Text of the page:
This is another nice ride to do and the most scenic section of the ride is after Mourea when you take the left hand turn off SH33 onto Hamurana Road. From Rotorua City to Hamurana Road turn off, you’ll have to contend with traffic as its a busy connecting road to the East coast. Once you made it onto Hamurana Road, you’ll enjoy impressive views of Lake Rotorua and there are a couple of short but sweet climbs. The quieter stretch of road ends when you ride past SH36 intersection as there is alot of traffic coming in from Tauranga. You just continue riding through Ngongotaha back into Rotorua to complete a decent 40km ride. If you want more climbing and have the time for more exploring, then head up Te Wearanga Road. Its a decent climb and there is a nice network of roads to check out. Penny Road, Kaharoa and KapuKapu roads all offer brilliant riding but would make your ride anywhere from 2hrs to 4hrs. This area really has a remote Kiwi outback feeling and on a clear day you can see the ocean. Strava link here.
3. Waikete Valley Network of Quiet Roads (3-5hours)
If you are looking for a longer ride then exploring the amazing network of roads in the Waikete Valley should not be missed. To get there, you have to ride on Statehighway 5 and 30 to Bryce Road, but once on Bryce Road you almost have the entire area to yourself with the company of sheep and cows! If I am doing a long training ride, this is the area I train in and offers some of the best road riding in the region on quiet country roads. Strava link here. To gain the most from riding in Waikete Valley, its recommended to allow up to four hours or more of riding and just explore without adhering to a rigid map or plan. Sometimes the point of riding your bike is to discover the roads less travelled.
4. Blue Lake and Lake Okareka (1hr. 2hrs if include Tarawera Lake)
It is a decent climb on Tarawera Road from Rotorua city to get to the Blue Lake, but it is well worth the effort. Seldom you get the opportunity to visit four lakes all in close proximity and easy access on your bike. Depending on how fit you are, its between 15 and 30 mins to reach the Blue Lake. Then you can take the first left after the Holiday Park and speed down to Lake Okareka to do a short loop. If you still have time, its recommended to bike back to Blue Lake and on to Green Lake and keep on the road till you reach Lake Tarawera. Just keep riding till the road finishes – it is a challenging ride with a number of steep inclines and can be as hard as you make it. Just turn around and head back to Rotorua when finished. If you are after a spectacular scenic ride, this one is highly ranked. Strava Link here.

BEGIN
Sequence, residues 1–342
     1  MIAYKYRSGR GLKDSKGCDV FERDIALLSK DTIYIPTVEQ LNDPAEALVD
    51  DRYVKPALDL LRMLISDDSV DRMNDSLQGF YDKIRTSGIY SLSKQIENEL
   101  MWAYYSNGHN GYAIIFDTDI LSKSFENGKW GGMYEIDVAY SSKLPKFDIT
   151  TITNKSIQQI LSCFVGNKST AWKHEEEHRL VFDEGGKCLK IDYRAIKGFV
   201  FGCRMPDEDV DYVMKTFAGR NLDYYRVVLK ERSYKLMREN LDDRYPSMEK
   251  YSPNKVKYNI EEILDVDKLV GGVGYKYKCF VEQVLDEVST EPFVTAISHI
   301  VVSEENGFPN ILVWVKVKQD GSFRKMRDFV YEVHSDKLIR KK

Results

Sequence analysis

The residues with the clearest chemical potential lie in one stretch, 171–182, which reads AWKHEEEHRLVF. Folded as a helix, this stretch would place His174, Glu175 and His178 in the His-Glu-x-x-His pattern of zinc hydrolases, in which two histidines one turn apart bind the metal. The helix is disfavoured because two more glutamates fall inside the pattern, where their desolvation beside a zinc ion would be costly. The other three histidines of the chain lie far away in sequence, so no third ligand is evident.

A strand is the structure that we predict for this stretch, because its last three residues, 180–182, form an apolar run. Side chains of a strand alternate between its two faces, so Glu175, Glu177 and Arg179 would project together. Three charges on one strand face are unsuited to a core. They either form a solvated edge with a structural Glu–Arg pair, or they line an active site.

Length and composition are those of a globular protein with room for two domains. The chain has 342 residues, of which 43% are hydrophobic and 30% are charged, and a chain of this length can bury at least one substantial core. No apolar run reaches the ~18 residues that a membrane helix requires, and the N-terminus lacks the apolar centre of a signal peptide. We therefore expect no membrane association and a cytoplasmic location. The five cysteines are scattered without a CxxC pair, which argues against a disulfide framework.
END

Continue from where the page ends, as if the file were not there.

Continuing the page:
5. Ngongotaha Mountain Climb
This is the shortest ride – but the most elevation gain! It is the only serious long climb within easy reach of Rotorua City and offers amazing views of the city, Lake Rotorua and surrounding region on your way up. There is a gate that is closed about half-way up, but you can just ride around the side and continue on up. It turns into farm-land and then back to forest when nearing the top. Unfortunately there is no view from the very top of Ngongotaha, so be sure to enjoy the views on the way up and during your descent – just be careful on the bends! The full climb can be view on Strava here. Local fast-man Carl Jones holds the record time of 18min 41 for the 6.3km 7% grade climb. For those who love Strava, that is the time to beat!